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Blood grouping tests are now being used routinely in medicolegal cases of disputed parentage in courts throughout the world. As more and more blood group systems are discovered, and with the introduction of serum grouping tests and tests for serum and red blood cell isozymes, the chances of excluding paternity for a man who has been falsely accused have increased progressively over the past two decades. This has led to the suggestion that such tests now be used not merely as proof of nonpaternity but also as circumstantial evidence of actual paternity. For example, if the tests used are such that 95% of men falsely accused of paternity could be excluded, then when the tests fail to exclude the defendant in a paternity action, it could be considered circumstantial evidence that the accused man actually is the father, with a likelihood as great as 95%. In fact, it has recently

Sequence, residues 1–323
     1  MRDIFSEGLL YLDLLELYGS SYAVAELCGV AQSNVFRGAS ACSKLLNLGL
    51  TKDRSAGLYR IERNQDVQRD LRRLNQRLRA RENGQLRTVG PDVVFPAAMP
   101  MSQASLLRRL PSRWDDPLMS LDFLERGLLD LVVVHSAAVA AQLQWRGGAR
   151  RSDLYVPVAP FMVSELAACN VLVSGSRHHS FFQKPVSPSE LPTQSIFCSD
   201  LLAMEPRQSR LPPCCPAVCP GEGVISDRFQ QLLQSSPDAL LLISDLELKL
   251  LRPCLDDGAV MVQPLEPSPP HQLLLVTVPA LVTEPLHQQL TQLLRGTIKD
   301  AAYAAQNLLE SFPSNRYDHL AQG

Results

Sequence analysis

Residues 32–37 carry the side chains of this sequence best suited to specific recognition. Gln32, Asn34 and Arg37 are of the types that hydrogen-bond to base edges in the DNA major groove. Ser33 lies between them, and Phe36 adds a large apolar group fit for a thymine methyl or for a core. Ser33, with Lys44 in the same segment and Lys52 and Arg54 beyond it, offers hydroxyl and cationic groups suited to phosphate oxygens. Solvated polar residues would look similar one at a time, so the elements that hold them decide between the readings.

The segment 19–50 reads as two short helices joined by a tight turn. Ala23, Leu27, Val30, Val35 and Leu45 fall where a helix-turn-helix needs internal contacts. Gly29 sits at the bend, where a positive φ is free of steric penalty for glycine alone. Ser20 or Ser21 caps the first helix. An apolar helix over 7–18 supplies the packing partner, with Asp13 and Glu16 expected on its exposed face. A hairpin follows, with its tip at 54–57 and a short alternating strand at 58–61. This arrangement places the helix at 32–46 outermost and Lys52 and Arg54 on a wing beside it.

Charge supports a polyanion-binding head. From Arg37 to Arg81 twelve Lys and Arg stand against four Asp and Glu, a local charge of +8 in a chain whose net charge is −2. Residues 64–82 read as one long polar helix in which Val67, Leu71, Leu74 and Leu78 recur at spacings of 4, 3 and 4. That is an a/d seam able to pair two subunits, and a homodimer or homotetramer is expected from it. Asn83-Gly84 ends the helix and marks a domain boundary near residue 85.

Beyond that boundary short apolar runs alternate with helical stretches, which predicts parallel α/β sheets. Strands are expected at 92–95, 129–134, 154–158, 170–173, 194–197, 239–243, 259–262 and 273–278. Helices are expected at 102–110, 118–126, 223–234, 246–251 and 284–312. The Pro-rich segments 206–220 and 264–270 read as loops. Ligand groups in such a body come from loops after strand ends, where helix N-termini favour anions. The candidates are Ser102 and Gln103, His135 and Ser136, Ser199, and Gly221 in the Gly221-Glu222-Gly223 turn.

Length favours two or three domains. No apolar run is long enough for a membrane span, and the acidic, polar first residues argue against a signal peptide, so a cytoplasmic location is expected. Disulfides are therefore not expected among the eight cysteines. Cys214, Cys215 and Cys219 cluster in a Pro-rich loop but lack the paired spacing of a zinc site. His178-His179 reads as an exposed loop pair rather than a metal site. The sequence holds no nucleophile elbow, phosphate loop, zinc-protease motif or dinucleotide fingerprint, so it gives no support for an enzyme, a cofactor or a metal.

Wiener AS. Biostatistical Opinion on Parentage: Based Upon the Results of Group Tests.. Arch Intern Med. 1973;131(4):614-615. doi:10.1001/archinte.1973.00320100142038